Primary and secondary cytomegalovirus in pregnancy
Article first published online: 26 JAN 2011
2009 Royal College of Obstetricians and Gynaecologists
The Obstetrician & Gynaecologist
Volume 11, Issue 2, pages 96–100, April 2009
How to Cite
McCarthy, F. P., Jones, C., Rowlands, S. and Giles, M. (2009), Primary and secondary cytomegalovirus in pregnancy. The Obstetrician & Gynaecologist, 11: 96–100. doi: 10.1576/toag.11.2.096.27482
- Issue published online: 26 JAN 2011
- Article first published online: 26 JAN 2011
- congenital cytomegalovirus;
- polymerase chain reaction;
- • Cytomegalovirus is the commonest cause of congenital viral infection in developed countries.
- • Infection is asymptomatic in 90% of individuals.
- • Forty percent of pregnant women with primary infection transmit it to their fetus.
- • Ten percent of infants with congenital cytomegalovirus display clinical manifestations at birth and are at risk of neurological sequelae.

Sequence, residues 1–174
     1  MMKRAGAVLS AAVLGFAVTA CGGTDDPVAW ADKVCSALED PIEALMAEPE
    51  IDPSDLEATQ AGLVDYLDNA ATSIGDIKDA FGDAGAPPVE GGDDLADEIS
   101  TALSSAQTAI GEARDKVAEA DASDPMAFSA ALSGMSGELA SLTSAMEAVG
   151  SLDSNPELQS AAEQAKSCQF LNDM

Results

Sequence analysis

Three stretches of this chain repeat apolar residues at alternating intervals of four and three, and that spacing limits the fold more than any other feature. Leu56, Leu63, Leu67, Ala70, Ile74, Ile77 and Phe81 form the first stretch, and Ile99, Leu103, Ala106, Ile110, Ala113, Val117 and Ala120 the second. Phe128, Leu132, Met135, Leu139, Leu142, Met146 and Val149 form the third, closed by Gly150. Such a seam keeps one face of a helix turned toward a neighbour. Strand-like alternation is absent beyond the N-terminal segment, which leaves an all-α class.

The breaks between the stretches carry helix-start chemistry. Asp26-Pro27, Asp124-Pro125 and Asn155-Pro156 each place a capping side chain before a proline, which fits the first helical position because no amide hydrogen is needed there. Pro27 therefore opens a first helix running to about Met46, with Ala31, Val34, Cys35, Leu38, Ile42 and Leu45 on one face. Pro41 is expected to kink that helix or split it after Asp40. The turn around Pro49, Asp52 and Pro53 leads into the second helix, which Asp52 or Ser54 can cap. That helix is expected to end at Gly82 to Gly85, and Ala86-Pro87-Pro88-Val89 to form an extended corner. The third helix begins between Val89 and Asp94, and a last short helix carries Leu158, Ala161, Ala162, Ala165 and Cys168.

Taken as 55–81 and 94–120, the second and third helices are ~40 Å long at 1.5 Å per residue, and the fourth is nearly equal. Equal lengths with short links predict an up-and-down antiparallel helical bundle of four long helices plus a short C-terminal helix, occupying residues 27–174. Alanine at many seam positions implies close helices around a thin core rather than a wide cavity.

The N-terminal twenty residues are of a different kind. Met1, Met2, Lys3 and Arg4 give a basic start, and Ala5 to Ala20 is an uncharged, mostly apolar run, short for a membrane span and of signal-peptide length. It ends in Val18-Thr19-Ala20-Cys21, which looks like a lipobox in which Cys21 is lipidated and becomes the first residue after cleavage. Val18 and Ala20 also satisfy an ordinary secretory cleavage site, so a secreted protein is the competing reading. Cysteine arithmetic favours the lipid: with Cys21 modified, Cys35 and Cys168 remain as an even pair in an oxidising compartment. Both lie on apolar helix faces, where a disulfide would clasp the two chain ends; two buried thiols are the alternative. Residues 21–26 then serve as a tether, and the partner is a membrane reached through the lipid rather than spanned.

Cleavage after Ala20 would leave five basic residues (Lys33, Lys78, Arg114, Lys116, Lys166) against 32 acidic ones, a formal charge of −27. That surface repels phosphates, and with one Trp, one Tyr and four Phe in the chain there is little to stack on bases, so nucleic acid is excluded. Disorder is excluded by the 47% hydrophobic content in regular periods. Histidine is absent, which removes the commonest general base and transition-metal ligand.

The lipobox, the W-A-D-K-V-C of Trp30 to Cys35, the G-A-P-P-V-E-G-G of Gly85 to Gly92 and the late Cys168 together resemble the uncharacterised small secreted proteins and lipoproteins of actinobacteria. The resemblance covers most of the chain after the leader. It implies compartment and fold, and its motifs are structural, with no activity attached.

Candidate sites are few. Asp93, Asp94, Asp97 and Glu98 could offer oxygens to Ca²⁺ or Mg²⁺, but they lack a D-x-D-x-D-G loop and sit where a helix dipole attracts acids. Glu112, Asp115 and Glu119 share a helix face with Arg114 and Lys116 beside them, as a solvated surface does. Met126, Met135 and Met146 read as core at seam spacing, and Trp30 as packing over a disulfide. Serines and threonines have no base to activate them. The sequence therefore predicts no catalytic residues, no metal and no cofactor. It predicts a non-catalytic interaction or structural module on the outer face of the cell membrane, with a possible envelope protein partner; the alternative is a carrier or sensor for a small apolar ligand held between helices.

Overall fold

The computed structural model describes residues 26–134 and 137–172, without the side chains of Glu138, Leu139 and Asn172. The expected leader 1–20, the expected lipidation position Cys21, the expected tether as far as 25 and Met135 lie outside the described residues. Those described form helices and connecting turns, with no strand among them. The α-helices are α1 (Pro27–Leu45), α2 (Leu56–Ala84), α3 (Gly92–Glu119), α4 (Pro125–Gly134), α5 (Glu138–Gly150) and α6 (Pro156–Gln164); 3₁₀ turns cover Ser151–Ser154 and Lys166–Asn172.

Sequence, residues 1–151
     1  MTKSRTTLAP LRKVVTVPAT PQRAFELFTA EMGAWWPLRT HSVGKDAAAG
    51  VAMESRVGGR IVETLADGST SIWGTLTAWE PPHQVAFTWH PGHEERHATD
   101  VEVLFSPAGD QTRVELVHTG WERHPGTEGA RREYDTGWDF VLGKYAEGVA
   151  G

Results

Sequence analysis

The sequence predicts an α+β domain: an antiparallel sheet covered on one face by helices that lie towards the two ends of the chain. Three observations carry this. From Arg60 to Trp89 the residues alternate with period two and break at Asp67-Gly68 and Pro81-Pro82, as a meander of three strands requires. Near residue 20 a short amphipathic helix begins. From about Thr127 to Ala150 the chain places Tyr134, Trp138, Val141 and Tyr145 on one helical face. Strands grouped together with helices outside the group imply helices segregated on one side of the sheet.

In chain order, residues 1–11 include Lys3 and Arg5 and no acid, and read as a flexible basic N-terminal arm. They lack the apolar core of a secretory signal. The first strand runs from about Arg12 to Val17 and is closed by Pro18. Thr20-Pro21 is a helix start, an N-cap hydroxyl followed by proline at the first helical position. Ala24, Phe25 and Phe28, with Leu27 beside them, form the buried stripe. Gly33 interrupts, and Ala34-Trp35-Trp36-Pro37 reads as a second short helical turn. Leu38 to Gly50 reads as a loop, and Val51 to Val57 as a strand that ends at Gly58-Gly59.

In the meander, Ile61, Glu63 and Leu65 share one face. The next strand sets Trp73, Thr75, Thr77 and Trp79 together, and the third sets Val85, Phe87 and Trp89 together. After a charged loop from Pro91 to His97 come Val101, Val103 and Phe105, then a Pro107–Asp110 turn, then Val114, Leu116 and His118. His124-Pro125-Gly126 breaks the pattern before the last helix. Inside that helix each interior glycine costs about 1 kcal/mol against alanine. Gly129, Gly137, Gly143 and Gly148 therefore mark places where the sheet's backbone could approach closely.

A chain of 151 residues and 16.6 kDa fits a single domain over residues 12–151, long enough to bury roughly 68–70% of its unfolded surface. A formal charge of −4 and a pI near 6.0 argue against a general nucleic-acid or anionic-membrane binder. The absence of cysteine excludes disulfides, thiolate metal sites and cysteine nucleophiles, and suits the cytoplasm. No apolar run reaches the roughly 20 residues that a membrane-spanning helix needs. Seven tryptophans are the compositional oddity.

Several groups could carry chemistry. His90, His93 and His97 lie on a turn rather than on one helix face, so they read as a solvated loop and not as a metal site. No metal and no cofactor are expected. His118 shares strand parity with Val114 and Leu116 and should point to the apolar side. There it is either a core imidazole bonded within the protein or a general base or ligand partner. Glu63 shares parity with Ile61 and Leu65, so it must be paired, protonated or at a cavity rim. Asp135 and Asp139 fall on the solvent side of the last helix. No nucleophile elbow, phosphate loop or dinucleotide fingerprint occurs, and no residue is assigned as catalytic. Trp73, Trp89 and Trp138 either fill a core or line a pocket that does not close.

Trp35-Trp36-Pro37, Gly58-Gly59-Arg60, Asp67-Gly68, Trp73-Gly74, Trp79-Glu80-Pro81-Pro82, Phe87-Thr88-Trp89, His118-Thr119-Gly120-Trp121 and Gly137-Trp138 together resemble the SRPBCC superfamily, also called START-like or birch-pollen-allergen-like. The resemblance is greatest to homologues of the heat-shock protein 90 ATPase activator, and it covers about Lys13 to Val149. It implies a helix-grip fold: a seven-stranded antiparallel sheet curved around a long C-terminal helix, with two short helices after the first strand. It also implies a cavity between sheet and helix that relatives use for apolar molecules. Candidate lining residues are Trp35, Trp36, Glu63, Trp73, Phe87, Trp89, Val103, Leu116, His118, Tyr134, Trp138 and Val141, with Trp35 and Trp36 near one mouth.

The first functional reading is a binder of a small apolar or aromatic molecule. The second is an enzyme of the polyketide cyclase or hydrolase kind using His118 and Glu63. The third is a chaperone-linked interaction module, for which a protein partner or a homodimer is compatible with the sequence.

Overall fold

- • While routine antenatal testing is not currently recommended, congenital infection remains a significant obstetric management problem.
- • To learn about the incidence, diagnosis and sequelae of cytomegalovirus in pregnancy.
- • To become familiar with treatment options for the management of congenital cytomegalovirus.
- • Should practitioners recommend routine cytomegalovirus screening in pregnancy?
- • Is a randomised controlled trial necessary before offering treatment with hyperimmune globulin for congenital cytomegalovirus?
Please cite this article as: McCarthy FP, Jones C, Rowlands S, Giles M. Primary and secondary cytomegalovirus in pregnancy. The Obstetrician & Gynaecologist 2009;11:96–100.